“Now I have a machine gun – Ho Ho Ho”: After dispatching one of the terrorists, John takes his weapon and sends him back down to the terrorists on the elevator, having written the above message (in blood) on the man’s sweater. While this is one of the most memorable seasonal elements in the film and often quoted (and the corpse is wearing a Santa hat), I will admit this particular element isn’t necessary to the plot. John could have written any taunt – such as “yippee-ki-ay mother****er” – on the sweater (with maybe a cowboy hat?) and the gag would still have worked.
The Taped Gun: At the end of the film, John is able to fool the villains by taping his gun to his back with packing tape labeled “Season’s Greetings.” This is a distinctly Christmas touch, but the question is, would it work without the Christmas aspect?
I think the answer is probably yes – although a small part of me wants to argue that that tape might not have been there without the need to wrap holiday packages.
The Soundtrack: The soundtrack isn’t part of the story, but it is an integral part of the experience of the film. And composer Michael Kamen leans hard into the Christmas theme. Most distinctive are the jingle bells that are often heard at important beats (such as when John spots the packing tape as described above). And of course, there’s “Ode to Joy” (not originally a Christmas tune, but now often associated with it), which sneaks into the score several times before culminating in the iconic sequence when the safe is opened (tagged with Theo’s “Merry Christmas” line). Kamen also weaves motifs from “Winter Wonderland” and “Let It Snow! Let It Snow! Let It Snow!” into the score.
Finally, there’s the presence of Run-DMC’s “Christmas in Hollis” (which McClane explicitly objects to as Christmas music) and then the full “Let It Snow! Let It Snow! Let It Snow!” playing (ironically, given the Los Angeles setting) over the credits.
I do think Die Hard would be a different film without the Christmas aspects of the soundtrack. These touches add a memorable charm to the film that stands in stark contrast to its increasingly inferior sequels.
The Film’s Continuing Pop Culture Prominence. My final argument is admittedly even less tangible than the soundtrack, but here it is: the Christmas setting is why Die Hard has remained so prominent in pop culture.
Yes, it’s easily the best of all the films, but Die Hard with a Vengeance is considered to be a good action movie by many. I personally think Die Hard 2 is underrated. But ask yourself: do you know anyone who watches those movies annually? Now ask yourself: do you know anyone who watches Die Hard annually? (Hint: if you know me, then yes, you do.) If you do know someone who watches Die Hard annually, do they do it at Christmastime? (Again, if you know me: yes.)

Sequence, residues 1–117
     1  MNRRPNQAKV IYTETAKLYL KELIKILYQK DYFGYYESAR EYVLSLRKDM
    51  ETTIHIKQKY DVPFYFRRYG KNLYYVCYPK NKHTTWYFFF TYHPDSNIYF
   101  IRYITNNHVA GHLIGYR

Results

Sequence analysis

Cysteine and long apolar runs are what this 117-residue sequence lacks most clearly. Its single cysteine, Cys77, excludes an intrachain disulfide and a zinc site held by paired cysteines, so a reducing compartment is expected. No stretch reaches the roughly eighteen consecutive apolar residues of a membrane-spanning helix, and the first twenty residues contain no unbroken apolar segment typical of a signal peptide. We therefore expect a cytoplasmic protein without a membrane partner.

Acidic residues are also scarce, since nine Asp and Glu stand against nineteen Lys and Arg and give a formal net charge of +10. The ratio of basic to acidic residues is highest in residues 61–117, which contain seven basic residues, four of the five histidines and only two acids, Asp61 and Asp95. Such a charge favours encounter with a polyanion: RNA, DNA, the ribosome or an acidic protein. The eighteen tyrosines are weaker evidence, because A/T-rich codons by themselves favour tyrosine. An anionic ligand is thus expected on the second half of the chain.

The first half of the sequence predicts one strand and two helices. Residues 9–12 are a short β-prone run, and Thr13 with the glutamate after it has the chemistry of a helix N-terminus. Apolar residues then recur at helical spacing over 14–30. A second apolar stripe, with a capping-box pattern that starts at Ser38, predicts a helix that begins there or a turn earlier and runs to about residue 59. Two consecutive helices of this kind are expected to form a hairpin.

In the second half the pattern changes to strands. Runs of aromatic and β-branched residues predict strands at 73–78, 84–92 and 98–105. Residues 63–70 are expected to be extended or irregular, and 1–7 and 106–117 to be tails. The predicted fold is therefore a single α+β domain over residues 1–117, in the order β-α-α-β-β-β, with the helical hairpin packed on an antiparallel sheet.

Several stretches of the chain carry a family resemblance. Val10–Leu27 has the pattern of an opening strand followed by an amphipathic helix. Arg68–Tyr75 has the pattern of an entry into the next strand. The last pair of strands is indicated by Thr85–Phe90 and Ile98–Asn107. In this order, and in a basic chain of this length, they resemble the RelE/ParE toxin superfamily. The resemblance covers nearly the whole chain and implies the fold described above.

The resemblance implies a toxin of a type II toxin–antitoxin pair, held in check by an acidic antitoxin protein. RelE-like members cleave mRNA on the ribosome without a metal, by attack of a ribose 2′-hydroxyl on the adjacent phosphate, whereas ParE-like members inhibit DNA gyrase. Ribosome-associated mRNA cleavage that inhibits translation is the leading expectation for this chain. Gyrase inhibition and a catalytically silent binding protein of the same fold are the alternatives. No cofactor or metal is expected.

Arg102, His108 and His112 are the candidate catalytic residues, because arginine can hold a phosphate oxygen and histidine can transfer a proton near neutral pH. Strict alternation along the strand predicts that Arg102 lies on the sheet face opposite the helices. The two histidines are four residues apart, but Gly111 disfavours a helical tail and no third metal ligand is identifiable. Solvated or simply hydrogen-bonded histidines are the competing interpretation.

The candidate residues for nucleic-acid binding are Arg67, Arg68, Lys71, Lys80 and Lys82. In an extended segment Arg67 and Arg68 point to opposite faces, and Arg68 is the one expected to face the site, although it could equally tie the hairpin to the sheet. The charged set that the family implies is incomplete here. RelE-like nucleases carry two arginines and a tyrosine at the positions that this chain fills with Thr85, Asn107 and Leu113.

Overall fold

I didn’t create the meme at the top of this article; someone else did. But I did make this (based on a design I saw online).
And someone wrote this:
And finally, and most importantly, every single year at Christmastime, people around the world gather together…
…to argue endlessly about whether Die Hard is a Christmas movie. What I’m saying is that even those arguing that Die Hard isn’t a Christmas movie are contributing to the relevance of its Christmas-ness; that the film’s Christmas-ness (regardless of whether they think it should be classified as a Christmas movie or not) is a part of what they think about when they think of Die Hard.
There are many other well-known action movies set at Christmas, including Lethal Weapon, Ronin, First Blood, The Long Kiss Goodnight, and The Bourne Identity. But there aren’t lots of custom Lethal Weapon ornaments or children’s Christmas books based on The Long Kiss Goodnight. The Internet being what it is, I’m sure there are people who argue about whether those are Christmas movies or not, but there aren’t countless online articles about them every single Christmas. Why? Because the Christmas setting isn’t that prominent or important to their stories.
But that’s not the case with Die Hard. The strange magic of the holiday season is woven deeply in the fabric of the film, resulting in a film that bizarrely, and despite dozens of shootings, massive explosions, and a guy pulling glass out of his bloody feet, delivers a feeling of exhilarating joy.
And so I believe Christmas is an integral part of most people’s experience of Die Hard – which makes it a Christmas movie. Without its Christmas setting, it’s likely Die Hard would have enjoyed a status like other great action films such as Commando or Speed – popular in its time, forever appreciated by fans of the genre, but not the permanent pop culture touchstone it is today.
* Although the super-nerd in me is often tempted to explain this by positing that the Star Wars galaxy is filled with an unknown invisible substance that carries sound.
** of Bethlehem
Comments are closed.